On October 23, 2016, the day before his birthday, Canadian artist Drake announced that he would be releasing not an album, but a playlist in 2017. Drake can call it whatever he wants, but it doesn’t change the fact that More Life, which premiered on March 18 through OVO Sound Radio, is a painfully average collection of music. The project is a lengthy 22 tracks. But with no central theme or message, it lacks unity.
On his sparse rap verses, Drake imitates today’s popular Atlanta rappers. This is evident on songs like “Sacrifices,” featuring 2 Chainz and Young Thug (both Atlanta rappers). Drake reflects over an 808-heavy beat, “40 got house on the lake/ I ain’t know we had a lake/ She complaining how I’m late/ I ain’t know it was a date.” Drake made it as an artist for his introspective and clever wordplay, not trap-tastic one-liners like these.
The guest list includes UK artists Sampha, Jorja Smith, and Giggs, as well as Kanye West and PARTYNEXTDOOR. Despite the impressive cast of guest artists, More Life is stale. Take “Ice Melts” for instance, on which Young Thug mumbles nonsense, literally:
“Baby I’m needin’ somethin’ somethin’/ I wanna beat it up with somethin’ somethin’/ You’re a diamond out the rough or somethin’ somethin.”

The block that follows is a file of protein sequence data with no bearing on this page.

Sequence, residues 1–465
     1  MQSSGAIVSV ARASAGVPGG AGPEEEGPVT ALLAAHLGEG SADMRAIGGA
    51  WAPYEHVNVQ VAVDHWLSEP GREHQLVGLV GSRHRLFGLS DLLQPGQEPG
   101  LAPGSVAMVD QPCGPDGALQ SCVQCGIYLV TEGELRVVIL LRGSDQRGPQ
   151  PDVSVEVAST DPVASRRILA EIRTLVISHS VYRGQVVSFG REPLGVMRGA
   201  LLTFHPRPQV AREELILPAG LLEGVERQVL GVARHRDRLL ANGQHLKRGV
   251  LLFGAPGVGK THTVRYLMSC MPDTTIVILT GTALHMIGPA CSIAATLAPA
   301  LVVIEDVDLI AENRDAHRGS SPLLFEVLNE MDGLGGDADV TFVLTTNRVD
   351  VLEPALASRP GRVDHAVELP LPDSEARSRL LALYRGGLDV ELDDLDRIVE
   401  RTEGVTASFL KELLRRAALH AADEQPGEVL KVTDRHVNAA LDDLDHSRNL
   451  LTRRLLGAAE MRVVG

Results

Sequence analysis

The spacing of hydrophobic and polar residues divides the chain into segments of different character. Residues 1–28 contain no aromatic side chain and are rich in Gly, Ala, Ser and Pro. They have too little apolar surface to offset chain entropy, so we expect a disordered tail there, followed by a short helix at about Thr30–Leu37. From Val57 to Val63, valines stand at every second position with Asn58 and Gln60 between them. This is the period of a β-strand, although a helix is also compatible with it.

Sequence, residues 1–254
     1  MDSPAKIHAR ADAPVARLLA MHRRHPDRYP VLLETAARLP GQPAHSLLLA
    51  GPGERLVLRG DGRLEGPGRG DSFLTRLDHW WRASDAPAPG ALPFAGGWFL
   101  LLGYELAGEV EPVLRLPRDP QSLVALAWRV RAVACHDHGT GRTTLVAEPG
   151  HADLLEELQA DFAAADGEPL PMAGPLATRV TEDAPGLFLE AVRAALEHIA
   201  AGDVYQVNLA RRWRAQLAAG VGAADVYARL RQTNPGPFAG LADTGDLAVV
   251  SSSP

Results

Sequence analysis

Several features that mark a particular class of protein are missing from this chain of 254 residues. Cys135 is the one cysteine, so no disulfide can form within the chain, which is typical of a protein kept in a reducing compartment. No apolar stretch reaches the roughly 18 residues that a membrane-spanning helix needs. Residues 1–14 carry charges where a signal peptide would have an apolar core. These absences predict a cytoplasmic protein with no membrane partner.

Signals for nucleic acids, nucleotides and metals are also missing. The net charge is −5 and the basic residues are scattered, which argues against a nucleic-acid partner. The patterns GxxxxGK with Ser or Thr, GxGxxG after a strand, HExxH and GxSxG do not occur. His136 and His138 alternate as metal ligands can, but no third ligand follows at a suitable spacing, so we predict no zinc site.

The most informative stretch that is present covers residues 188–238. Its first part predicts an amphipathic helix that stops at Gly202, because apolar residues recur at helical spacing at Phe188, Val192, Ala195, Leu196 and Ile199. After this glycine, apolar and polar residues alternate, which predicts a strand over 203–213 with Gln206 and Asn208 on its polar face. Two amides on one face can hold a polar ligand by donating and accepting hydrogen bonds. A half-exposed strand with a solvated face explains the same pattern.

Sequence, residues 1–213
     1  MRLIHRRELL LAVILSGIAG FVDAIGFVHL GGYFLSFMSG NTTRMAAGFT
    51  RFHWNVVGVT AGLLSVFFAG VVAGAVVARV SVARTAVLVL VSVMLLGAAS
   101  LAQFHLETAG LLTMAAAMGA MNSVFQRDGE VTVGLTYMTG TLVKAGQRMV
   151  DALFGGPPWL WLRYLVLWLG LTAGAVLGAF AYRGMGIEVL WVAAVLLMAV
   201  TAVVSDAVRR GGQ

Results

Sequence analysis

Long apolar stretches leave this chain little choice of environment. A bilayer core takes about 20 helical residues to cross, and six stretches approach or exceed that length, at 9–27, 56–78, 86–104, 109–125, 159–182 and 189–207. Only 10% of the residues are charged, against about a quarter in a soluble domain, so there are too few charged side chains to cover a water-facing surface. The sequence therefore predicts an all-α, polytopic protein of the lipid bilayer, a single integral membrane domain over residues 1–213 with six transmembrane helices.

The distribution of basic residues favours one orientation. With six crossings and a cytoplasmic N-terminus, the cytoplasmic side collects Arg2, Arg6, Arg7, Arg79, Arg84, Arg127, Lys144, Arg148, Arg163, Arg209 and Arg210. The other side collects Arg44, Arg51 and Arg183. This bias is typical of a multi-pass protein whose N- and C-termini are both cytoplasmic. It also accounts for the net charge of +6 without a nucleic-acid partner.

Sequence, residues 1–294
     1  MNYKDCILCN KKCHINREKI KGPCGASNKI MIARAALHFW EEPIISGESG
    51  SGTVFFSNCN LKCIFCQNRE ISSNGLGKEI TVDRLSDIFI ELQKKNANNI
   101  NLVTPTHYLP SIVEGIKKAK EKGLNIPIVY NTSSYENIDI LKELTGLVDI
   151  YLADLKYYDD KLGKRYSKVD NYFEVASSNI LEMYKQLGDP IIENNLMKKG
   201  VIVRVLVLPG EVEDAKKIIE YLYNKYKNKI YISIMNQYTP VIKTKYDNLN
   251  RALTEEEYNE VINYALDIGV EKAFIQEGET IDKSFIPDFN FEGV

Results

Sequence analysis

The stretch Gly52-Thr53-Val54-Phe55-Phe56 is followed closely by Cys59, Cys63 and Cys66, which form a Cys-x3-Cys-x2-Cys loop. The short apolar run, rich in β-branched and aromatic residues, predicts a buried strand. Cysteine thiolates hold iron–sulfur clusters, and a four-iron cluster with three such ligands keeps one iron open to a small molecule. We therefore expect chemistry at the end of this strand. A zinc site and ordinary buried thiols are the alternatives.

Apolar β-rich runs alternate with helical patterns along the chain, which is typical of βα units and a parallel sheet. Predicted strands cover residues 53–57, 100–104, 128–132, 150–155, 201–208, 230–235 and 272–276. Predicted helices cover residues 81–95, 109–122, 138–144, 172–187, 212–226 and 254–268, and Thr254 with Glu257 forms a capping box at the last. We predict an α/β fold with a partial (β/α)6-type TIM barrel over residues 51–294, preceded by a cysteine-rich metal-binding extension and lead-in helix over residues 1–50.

If there’s anything we need less of in 2017, it’s nonsense.
Drake finds a sweet spot on dancehall-inspired pop tracks, “Passionfruit,” “Get It Together,” and “Madiba Riddim.” But three tracks aren’t enough to save an entire playlist of duds.
While other contenders for rap’s top dog, such as J. Cole and Kendrick Lamar, are stepping up their creativity both lyrically and thematically, Drake is forcing an uninspiring message:
I’m famous. I’m rich. I have everything. I want more things. My relationships never work. But it’s the woman’s fault because I’m famous and she can’t handle it. Oh yeah, f*ck Meek Mill.
Drake, 30, teased these messages on his sophomore album, Take Care (2011). But critics and fans consider Take Care to be Drake’s career-defining ‘classic’ because the record had real feelings. Drake’s energy was unmatched at the time, and the emotions on songs like “Marvin’s Room” were raw and uncut. More Life has no such feeling.
More Life’s defenders will credit the medley of cultures represented on the playlist (UK grime, dancehall, ‘00s R&B). However, the sound biting is a cheap trick Drake uses to be hailed as an innovative artist. It’s as if Drake and 40 (his longtime producer) didn’t spend enough time parsing through filler tracks.
Drake doesn’t stop working and should maybe listen to the advice of his own sophomore record: Take care and take time. Drake’s vacation shouldn’t be as long as Frank Ocean’s four-year hiatus, but certainly, coming back next year is too soon. Hip-hop and R&B fans will listen to Take Care forever. Sadly, More Life won’t be relevant next month. For the sake of his own career and his fans, Drake’s next album (or playlist) needs to be timeless.